Children’s author Roald Dahl was a ‘British spy’

Roald Dahl was a real-life James Bond style spy, new book reveals

Andrew Alderson
London Telegraph
August 7, 2010

Apparently motivated by a combination of duty and lust, Dahl slept with countless high society women while gathering intelligence in the United States.

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His life as a young, handsome and dashing RAF officer in the early 1940s is detailed in a new book by Donald Sturrock, Storyteller: The Life of Roald Dahl, which is serialised today in The Sunday Telegraph.

Antoinette Haskell, a wealthy friend of Dahl’s who looked up to him as a brother even though he was “drop dead gorgeous”, said the author had a “whole stable” of women to wait on his every need. “He was very arrogant with his women, but he got away with it. The uniform didn’t hurt one bit ‚Äď and he was an ace [pilot],” she said. “I think he slept with everybody on the east and west coasts that had more than $50,000 a year.”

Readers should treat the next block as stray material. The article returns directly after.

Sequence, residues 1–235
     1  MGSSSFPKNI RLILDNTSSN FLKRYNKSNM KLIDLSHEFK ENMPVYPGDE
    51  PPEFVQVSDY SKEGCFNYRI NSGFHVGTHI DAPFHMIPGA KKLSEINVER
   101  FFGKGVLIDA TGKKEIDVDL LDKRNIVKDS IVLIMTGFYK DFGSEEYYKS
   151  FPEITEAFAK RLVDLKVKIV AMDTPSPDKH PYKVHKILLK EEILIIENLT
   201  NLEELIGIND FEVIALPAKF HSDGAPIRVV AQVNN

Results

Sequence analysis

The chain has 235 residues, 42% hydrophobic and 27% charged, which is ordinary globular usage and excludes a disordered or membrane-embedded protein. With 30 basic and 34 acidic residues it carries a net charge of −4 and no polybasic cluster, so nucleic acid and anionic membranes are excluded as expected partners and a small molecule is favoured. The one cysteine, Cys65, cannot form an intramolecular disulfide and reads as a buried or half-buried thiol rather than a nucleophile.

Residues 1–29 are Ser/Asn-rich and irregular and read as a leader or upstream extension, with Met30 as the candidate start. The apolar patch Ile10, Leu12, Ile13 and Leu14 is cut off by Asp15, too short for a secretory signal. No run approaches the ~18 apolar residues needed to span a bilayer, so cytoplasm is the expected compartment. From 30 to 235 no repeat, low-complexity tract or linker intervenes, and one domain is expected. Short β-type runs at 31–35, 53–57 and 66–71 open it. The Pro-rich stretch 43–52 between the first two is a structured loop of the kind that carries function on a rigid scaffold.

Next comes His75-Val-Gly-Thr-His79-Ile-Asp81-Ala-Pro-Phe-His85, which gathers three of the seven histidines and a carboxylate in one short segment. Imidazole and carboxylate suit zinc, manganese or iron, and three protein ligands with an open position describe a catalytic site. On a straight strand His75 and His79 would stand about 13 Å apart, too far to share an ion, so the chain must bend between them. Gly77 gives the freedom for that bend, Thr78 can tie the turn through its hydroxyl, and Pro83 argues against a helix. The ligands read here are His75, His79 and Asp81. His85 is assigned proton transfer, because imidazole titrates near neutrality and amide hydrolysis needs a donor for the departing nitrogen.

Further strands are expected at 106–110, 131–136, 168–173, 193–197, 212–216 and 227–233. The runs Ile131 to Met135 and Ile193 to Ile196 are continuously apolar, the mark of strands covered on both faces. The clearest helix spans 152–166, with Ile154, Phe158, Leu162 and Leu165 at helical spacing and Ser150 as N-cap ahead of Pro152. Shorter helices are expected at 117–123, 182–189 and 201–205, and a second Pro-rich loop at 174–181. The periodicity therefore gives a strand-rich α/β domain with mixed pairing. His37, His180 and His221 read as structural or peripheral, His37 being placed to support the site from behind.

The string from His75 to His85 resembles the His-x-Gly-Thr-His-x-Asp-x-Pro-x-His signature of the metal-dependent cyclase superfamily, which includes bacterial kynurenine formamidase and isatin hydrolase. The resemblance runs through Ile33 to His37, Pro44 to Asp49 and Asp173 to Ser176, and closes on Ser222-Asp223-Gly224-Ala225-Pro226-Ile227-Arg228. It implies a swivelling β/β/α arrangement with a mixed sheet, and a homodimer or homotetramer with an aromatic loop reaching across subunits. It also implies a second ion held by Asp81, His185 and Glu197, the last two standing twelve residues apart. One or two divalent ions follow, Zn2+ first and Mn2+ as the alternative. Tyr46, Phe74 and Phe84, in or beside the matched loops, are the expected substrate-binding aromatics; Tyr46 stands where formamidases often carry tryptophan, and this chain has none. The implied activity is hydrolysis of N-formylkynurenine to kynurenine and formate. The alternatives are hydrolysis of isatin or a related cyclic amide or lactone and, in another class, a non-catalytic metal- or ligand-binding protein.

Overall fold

It is not known exactly how Dahl was recruited as a British agent, but it is thought he was working loosely for BSC by the first four months of 1944 when, officially, he had a public relations role at the British Embassy in Washington DC. He was “run” from New York by William Stephenson, a buccaneering Canadian industrialist and businessman.

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